The struggle with addiction is crippling, and opiate addiction does not discriminate geographically, socially, or economically. In Ohio, drug overdose deaths rose from 2,531 in 2014 to 3,050 in 2015, according to a report from the Ohio Department of Health.  

Senate Bill 319, passed by the legislature at the end of 2016, implements common sense solutions to further confront the opioid crisis in Ohio. Sponsored by Senator John Eklund (R-Munson Township), this legislation consists of several important pillars.  

Over the past three years, one-third of all drug theft cases have been committed by pharmacy technicians. This bill requires uniform registration of these technicians, to ensure stronger accountability and theft reduction. Pharmacies will also place a 90-day cap on opiate prescriptions that a patient may receive, and invalidating any prescription not filled after 14 days. Unused or leftover prescriptions can often fall into the wrong hands; by limiting high-volume prescriptions we encourage safe and proper use of opiate prescriptions.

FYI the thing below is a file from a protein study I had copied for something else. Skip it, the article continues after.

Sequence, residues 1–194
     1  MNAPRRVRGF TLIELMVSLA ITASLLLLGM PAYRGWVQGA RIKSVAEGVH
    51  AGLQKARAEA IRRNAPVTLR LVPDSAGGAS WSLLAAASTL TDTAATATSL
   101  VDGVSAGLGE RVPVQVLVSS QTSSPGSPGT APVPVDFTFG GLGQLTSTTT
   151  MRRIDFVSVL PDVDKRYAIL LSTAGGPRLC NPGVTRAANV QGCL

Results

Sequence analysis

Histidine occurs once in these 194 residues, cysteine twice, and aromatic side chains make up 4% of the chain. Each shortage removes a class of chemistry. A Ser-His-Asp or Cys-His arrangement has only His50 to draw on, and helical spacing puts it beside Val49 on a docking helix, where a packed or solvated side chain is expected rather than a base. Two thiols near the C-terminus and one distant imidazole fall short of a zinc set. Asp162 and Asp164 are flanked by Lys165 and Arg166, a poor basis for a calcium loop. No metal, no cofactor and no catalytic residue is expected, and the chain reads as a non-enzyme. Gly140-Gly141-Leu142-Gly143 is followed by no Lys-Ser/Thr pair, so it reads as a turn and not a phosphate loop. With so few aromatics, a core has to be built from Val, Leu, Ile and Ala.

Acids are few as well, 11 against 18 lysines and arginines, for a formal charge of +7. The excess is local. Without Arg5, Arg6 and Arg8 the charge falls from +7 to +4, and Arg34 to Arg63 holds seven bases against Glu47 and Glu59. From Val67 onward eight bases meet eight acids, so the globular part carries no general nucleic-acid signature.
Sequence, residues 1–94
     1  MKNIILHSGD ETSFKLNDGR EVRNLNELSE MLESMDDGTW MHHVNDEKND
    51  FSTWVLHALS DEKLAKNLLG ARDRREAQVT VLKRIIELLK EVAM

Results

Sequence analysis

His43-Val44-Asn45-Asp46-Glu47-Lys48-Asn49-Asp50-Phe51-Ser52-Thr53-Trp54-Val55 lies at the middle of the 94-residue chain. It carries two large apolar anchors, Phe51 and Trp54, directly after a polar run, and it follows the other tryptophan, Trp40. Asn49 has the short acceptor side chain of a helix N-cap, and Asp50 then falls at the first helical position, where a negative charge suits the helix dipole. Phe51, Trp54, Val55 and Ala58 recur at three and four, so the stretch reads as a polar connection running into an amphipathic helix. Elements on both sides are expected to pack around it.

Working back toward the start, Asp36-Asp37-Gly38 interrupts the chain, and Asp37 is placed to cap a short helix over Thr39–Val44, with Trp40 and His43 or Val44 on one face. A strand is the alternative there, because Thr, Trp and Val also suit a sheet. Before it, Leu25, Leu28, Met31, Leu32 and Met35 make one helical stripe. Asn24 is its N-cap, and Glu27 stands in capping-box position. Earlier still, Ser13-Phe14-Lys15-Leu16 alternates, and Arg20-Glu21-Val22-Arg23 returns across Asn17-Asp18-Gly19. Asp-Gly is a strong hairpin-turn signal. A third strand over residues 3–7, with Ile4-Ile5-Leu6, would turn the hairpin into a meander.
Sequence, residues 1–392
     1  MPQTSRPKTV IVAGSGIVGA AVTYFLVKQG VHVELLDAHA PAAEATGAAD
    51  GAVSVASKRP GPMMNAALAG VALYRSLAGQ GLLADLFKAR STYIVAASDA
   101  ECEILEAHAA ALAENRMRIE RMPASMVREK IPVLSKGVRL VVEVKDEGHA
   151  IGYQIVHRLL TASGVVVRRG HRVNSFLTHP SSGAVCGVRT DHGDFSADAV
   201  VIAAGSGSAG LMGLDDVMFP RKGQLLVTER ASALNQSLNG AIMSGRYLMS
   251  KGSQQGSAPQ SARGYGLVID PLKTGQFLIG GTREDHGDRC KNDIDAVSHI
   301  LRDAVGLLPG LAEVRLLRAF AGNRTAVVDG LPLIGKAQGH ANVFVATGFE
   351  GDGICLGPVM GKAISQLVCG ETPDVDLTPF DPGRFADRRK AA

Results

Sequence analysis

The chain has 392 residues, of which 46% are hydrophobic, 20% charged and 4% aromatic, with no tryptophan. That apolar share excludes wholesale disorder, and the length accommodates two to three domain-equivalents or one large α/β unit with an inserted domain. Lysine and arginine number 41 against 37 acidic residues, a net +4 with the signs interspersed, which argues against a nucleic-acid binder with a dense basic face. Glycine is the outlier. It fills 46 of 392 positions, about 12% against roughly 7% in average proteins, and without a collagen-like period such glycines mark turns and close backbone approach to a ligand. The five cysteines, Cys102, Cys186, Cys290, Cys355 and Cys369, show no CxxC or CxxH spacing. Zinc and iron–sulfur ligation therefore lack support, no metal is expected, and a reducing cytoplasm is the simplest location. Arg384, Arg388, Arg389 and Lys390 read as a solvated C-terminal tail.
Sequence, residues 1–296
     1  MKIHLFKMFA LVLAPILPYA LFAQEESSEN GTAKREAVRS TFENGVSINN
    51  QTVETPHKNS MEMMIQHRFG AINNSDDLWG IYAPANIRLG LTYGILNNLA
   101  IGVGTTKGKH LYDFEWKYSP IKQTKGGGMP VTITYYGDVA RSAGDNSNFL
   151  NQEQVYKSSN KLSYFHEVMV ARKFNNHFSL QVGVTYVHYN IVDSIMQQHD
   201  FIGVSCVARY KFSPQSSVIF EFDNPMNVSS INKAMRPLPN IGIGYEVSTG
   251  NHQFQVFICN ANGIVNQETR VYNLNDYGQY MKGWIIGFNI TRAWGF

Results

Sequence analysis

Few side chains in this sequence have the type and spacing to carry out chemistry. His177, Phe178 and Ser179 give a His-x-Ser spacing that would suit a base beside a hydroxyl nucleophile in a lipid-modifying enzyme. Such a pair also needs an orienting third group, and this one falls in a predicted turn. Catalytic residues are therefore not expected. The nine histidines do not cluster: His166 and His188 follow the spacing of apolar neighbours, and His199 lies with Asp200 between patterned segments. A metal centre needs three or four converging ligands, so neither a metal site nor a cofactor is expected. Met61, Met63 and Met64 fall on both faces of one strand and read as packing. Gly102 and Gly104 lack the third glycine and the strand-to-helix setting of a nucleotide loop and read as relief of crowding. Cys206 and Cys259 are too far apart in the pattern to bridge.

Additionally, this legislation incorporates important strategies to encourage safe and responsible treatment. It expands access to Naloxone, a lifesaving drug that can be used to reverse opiate overdoses. Widely utilized by law enforcement, Senate Bill 319 expands the list of entities eligible to carry Naloxone, including homeless shelters, halfway houses, schools, and treatment centers.  

Current statutory requirements have also been waived to allow methadone providers to establish treatment clinics without a two year operation prerequisite, while maintaining necessary oversight. This initiative will allow for increased availability of medication-assisted treatment centers, ensuring expanded access to help individuals suffering from addiction. Senate Bill 319 also establishes new oversight for purchasing and distributing controlled substances and ensures responsible addiction treatment related to suboxone.

Alongside the great work done by the Department of Mental Health and Addiction Services, this legislation takes important steps to tackling Ohio’s opiate crisis and ensuring access to vital treatment.
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